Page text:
Ms. Friedman will also provide weekly updates to the Project Sponsor to indicate the specific step of the Work Breakdown Structure currently being implemented.
Ms. Friedman is responsible for creating a water fall list of tasks that would come to an end as the project was being completed. The purpose is for it to indicate who on the project would no longer be needed before the project was finished since the tasks are finished and workers on the tasks are no longer needed. Ms. Friedman is required to be up front with the workers who would be out of work which includes telling them when in the future they will no longer be needed. From there, it is expected Ms. Friedman uses her contacts, including the functional managers, to find new work for them to reduce their anxiety of project/task completion.
Additionally, as indicated in the detailed schedule, instructions on how to fulfill the rest of the restoration plan must be communicated to the project sponsor to assure achievement of the project’s overall purpose. The project sponsor must declare the project’s official termination.
PROCEDURE FOR SCHEDULE AND COST MONITORING
Ms. Friedman will evaluate progress throughout the project using Earned Value measurement techniques. It is Ms. Friedman’s responsibility to lead operations to a standard resulting in the Planned Value (the predicted total cost at the project’s completion) equating to the Actual Cost (the total amount spent at the project’s completion) unless approval of a change request has been granted by the project sponsor.
In order to do so, she is required to measure whether the project is behind or ahead of schedule as well as whether the project is above or below budget by comparing the Scheduled Value (the planned value at a given time) to the Actual Cost and Actual Time in her calculations at each milestone of the project. She is required to calculate Schedule Variance, Cost Variance and Time Variance at each milestone. Then, as she respectively calculates the Schedule Performance Index and Cost Performance Index, her answers will reveal exactly how far away each milestone is from appropriately being achieved according to the Detailed Schedule and Detailed Budget of the project plan. The Critical Ratio will allow her to holistically evaluate the project’s conduction, taking both progress in schedule and budget into account. From there, she will determine the Percent Spent (amount already spent out of the total budget), the Estimate to Complete (the amount of costs left to go), and the Percent Complete (amount already completed out of the total amount of time available) at each milestone of the project. She will also determine the Forecasted Cost at Completion (the projected amount the project will cost at the end) at each milestone of the project. Ms. Friedman is required to report to the project sponsor at the time each project milestone is scheduled to be completed to show him her calculations and discuss any adjustments she is planning to make. During her consultations with the project sponsor, as well as over the course of her own calculations, she should use the following tracking tools in the project plan that are necessary to monitor the project’s success:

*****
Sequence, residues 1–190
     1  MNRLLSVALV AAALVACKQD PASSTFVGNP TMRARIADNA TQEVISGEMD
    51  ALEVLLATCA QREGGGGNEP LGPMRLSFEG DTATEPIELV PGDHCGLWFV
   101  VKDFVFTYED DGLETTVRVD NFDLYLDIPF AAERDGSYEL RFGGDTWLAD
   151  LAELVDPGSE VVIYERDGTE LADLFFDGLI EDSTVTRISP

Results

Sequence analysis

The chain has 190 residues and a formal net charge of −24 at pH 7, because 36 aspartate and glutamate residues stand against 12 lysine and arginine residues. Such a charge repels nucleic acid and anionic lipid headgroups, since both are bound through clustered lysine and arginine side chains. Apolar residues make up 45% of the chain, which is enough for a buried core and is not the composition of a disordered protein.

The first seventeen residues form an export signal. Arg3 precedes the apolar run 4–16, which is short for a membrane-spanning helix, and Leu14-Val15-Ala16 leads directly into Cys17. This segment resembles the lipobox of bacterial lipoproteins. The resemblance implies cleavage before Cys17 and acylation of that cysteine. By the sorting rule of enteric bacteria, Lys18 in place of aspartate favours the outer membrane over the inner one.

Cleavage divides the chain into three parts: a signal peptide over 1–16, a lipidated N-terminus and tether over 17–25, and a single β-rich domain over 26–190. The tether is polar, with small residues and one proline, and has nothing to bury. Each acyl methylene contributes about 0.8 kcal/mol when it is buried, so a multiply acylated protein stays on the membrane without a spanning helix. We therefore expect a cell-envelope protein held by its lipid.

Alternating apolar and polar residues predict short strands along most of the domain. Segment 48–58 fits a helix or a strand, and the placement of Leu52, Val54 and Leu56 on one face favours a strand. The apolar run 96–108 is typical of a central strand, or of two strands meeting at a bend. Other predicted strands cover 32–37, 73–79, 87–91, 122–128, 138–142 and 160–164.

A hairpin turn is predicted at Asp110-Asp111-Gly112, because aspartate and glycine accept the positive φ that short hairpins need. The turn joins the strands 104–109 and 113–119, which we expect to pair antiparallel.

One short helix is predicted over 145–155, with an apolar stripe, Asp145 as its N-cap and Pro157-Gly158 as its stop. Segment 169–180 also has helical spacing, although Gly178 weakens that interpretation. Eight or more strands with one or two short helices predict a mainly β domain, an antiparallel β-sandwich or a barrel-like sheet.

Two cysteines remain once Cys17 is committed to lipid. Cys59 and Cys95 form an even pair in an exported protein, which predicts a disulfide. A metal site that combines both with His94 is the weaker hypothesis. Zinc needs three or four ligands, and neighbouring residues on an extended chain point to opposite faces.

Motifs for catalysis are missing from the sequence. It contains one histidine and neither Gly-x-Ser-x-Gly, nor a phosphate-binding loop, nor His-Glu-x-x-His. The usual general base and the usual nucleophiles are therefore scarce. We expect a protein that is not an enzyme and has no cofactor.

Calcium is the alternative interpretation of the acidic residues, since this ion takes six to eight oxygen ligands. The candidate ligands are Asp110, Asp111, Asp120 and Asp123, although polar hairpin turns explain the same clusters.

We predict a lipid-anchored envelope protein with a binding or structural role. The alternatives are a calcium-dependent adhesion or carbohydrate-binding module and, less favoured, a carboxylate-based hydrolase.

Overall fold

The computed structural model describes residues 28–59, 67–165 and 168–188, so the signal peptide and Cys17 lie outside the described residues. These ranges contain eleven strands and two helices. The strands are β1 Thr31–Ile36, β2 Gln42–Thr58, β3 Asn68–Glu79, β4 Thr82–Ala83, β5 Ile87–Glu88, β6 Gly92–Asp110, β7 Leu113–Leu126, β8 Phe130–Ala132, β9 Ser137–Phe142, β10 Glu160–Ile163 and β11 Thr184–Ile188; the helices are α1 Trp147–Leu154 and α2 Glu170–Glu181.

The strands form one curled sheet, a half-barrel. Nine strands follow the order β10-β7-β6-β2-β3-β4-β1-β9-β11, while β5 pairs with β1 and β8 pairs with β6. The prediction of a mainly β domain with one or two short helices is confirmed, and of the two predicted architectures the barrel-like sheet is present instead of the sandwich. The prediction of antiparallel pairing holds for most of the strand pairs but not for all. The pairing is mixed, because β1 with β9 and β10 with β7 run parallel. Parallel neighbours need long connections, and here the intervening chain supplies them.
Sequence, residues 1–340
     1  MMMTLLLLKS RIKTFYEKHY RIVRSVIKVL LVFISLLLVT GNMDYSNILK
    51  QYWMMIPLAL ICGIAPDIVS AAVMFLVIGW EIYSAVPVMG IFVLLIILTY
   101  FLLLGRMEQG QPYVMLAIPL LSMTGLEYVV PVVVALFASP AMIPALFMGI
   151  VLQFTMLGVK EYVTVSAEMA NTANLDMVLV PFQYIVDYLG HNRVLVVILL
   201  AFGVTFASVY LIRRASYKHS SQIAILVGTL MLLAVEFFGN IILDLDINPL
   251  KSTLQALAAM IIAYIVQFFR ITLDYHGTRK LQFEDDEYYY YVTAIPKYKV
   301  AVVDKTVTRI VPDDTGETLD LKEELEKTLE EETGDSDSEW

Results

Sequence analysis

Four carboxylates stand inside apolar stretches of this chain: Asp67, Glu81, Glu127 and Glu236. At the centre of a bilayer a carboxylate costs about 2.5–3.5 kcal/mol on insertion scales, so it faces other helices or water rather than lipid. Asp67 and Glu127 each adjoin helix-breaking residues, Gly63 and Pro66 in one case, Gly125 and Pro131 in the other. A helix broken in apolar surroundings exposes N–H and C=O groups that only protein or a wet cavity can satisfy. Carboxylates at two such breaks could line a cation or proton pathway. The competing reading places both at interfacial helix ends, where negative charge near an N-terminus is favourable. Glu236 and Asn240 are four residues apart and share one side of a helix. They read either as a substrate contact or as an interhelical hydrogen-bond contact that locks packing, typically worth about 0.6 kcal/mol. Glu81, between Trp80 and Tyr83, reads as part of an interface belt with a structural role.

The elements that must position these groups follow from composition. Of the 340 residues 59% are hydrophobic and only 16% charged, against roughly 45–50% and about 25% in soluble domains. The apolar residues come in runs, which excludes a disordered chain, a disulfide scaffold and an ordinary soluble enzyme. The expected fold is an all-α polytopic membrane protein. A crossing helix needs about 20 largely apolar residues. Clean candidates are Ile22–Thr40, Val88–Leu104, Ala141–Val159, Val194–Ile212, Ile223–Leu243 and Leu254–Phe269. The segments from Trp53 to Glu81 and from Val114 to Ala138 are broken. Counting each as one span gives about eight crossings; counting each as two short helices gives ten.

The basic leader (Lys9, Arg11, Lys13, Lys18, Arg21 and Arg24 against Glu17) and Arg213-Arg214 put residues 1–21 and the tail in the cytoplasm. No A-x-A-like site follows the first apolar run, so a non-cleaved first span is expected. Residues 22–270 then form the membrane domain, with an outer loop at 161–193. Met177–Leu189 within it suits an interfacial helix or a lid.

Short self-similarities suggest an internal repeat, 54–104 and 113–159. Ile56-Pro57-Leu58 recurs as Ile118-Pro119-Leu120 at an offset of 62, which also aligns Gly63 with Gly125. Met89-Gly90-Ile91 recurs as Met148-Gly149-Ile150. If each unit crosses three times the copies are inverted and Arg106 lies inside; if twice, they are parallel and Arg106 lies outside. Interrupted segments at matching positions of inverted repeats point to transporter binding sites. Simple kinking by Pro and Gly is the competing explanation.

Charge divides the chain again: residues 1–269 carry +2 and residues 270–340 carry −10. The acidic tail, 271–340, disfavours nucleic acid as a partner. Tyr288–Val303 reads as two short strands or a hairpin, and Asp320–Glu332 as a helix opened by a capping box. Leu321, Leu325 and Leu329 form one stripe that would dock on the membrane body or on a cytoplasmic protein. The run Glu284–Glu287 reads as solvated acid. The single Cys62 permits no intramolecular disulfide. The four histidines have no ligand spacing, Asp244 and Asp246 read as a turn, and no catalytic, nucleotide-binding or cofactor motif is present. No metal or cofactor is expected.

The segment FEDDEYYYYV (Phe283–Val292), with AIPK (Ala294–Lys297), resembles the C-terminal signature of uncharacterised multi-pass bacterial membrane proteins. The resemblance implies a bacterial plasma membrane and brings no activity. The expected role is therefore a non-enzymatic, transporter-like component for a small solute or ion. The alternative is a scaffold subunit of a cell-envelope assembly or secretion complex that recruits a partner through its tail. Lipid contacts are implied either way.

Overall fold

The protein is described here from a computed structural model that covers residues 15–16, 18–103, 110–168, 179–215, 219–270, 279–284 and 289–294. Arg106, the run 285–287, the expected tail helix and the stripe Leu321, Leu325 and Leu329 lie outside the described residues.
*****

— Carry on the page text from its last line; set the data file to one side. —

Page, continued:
Success for the 93 Indian Paintbrush Lane project will be achieved when the outlined infrastructure is completely built according to the blueprint. Additionally, the outcome must include a plan of restoration action needed to regenerate the plot of land to be used as a thriving garden area as well as manage the forest area’s overgrowth and guide its future succession.
Project Sponsor, Mr. Leroy Jenkins, will authorize completion of the project.
Approved by the Project Sponsor:
Mr. Leroy Jenkins
Approved by the Project Manager:
Ms. Mary Friedman
Approved by the Functional Manager of Custom Craft Contracting LLC:
Mr. Jon Pedal
Approved by the Functional Manager of Gehrlicher Solar AG:
Ms. Ellery Gate
Approved by the Functional Manager of Clear Water Environmental Consultants:
Mr. Steffan Holmes